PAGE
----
I went to the gay pride parade in Pueblo, Colorado, to preach the gospel of Jesus Christ to anyone who would listen. There weren’t too many in attendance, and the 10 or 12 Christians I was with ran out of people to talk to within a couple of hours, but I noticed some interesting things.
I had a few conversations where people had little or no religious convictions and seemed to respond humbly to the gospel. A few times, after I struck up a conversation and then moved to spiritual topics, they would just walk away. But the conversations that were most frustrating and sad were the ones with people who claimed to be Christians.
I talked to a couple of teenagers standing near a family; I later found out it was the family of one of the teens. The teens and the family all claimed to be Christians who attend church every week. When I tried to explain the gospel to them, I found they didn’t have a very good understanding of it. As I talked to the father, the teens walked away before I was able to explain the gospel. After I said goodbye to the family, I walked toward the teens and started talking to them again. That’s when the mom interjected: “I don’t want you to make my son feel bad about being gay.” She told her son that he didn’t have to talk to me if he didn’t want to, but they were nice and let me finish explaining what Jesus did for us.
Later, I had a confusing conversation with a guy named Rob. He attended church, understood the gospel very well, and gave me a very good explanation of repentance. The odd part was that he kept joking that he was going to hell. I asked him if he was born again, and he said that he wasn’t interested in what modern Christianity has become. I quoted John 3:3 and tried to explain the whole born-again process, and left him saying that it didn’t matter what he thinks or what I think about born-again people. He needs to figure out what Jesus meant by born again, and make sure he is truly born again.
Matthew, who also claimed to be a Christian, was very talkative and honest about his experiences. He was also very self-righteous, and thought that he hadn’t sinned in a long time. He was a less conventional Christian than most. He believed that everyone was going to heaven—no matter what. I listened to him explain his ideas for quite a while, and then he, too, admitted he wasn’t born again. He didn’t have a Bible at home, so I gave him the gospel of John. I pointed John 3 out to him, and encouraged him to understand what Jesus meant by being born again.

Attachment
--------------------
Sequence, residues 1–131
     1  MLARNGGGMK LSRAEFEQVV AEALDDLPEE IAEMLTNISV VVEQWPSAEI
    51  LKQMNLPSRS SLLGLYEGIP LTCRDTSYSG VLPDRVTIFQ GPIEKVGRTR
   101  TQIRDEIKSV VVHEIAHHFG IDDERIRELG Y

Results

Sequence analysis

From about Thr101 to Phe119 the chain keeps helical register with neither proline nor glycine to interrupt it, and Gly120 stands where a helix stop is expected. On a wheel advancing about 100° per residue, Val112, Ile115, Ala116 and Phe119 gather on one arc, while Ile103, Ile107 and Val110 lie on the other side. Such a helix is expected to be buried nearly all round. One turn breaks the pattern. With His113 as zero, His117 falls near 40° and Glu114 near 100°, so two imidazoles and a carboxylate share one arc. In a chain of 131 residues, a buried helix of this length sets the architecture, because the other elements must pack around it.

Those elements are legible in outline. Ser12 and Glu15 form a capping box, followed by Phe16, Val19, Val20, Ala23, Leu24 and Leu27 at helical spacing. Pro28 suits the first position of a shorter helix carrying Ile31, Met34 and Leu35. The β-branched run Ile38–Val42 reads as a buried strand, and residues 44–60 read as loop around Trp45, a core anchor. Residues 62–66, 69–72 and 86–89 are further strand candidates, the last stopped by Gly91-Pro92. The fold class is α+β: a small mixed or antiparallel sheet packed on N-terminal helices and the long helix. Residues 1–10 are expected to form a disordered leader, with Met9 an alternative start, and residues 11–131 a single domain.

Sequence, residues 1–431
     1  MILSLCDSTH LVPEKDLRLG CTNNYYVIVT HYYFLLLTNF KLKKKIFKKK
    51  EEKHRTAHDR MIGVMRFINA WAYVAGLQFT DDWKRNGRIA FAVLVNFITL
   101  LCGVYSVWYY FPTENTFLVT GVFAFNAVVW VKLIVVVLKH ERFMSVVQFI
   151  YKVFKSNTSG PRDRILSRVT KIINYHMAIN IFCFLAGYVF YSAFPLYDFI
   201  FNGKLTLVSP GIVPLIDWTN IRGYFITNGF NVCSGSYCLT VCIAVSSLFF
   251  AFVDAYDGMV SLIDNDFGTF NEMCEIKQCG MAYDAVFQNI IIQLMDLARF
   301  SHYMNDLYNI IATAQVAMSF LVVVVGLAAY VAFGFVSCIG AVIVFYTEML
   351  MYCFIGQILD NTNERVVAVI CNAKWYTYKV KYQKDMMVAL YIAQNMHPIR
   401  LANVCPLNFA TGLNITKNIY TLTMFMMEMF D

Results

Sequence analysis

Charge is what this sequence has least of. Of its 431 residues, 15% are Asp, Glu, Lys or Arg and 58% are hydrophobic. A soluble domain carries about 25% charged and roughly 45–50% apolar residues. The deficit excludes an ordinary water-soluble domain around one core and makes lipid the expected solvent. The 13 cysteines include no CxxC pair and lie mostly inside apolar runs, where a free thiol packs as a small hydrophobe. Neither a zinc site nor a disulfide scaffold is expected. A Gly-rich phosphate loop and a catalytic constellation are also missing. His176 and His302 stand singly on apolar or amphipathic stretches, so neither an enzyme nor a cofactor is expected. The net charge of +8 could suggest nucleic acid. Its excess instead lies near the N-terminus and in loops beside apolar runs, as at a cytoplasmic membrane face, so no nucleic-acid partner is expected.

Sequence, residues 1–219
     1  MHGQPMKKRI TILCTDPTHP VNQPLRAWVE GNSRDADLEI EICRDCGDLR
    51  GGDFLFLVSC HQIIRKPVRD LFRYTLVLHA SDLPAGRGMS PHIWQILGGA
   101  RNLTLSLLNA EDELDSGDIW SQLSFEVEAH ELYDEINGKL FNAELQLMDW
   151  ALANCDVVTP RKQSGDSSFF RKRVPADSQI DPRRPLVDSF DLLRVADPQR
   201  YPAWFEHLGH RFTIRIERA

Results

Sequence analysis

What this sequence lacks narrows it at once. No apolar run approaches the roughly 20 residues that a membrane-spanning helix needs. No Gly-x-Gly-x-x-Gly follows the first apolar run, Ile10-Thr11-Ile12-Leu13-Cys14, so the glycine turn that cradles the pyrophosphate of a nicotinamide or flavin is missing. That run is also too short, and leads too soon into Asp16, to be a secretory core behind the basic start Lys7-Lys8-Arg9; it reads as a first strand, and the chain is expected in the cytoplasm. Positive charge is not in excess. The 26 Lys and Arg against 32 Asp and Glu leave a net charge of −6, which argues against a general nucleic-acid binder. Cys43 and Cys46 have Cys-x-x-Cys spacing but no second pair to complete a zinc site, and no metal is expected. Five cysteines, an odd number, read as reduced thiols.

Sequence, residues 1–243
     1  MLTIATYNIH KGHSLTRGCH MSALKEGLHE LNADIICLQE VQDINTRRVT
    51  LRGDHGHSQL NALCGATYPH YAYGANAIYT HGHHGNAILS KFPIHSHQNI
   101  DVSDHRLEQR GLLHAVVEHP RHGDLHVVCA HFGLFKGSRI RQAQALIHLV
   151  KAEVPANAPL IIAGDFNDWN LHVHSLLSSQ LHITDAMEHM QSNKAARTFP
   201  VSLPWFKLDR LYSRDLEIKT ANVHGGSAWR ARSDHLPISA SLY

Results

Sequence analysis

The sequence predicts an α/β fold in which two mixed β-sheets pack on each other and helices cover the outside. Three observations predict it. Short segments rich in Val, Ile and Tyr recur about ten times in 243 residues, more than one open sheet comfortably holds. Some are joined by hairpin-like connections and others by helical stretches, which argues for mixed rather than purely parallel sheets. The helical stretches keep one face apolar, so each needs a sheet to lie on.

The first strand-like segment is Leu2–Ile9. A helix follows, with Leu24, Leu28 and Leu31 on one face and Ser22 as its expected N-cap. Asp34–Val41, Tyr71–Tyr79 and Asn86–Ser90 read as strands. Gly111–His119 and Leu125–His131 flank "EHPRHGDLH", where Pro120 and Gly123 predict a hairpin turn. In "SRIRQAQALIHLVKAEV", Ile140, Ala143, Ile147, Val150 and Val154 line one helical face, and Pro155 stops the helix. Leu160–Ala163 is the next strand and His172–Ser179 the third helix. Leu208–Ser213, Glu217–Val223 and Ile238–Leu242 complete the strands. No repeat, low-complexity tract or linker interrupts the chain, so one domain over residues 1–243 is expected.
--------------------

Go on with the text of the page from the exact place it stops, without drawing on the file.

There was also a church with a booth at the event. One of the other people I went with talked to the lesbian pastor. She believed that all people must do for salvation is ask Jesus into your heart. This church (apparently made up mostly of lesbians) later went up on stage and did a flag waving/tambourine routine accompanied by praise music.
I felt like I was mostly there to correct what some pastor has taught or is teaching to these people. Still, I believe I fell short in not telling those who claim the name of Jesus yet readily admit to being homosexual, and who could not be humbled by any of the other nine commandments to repent of their homosexuality. I was more concerned with not making a scene or offending them than I was with the truth.
I think that whatever we’ve been doing as American Christians to let people living a lifestyle of blatant sin (whether it’s homosexual sin, heterosexual sin, or anything else) to go on believing that they’re Christians and they’re OK with God must come to an end. Our silly, trite, modern gospel messages are giving people a false sense of security, and they have to stop. We’ve reduced the idea of God saving us down to praying a quick prayer (but really, really meaning it) and encouraging them to never question their salvation (which is very unbiblical advice; see 2 Corinthians 13:5).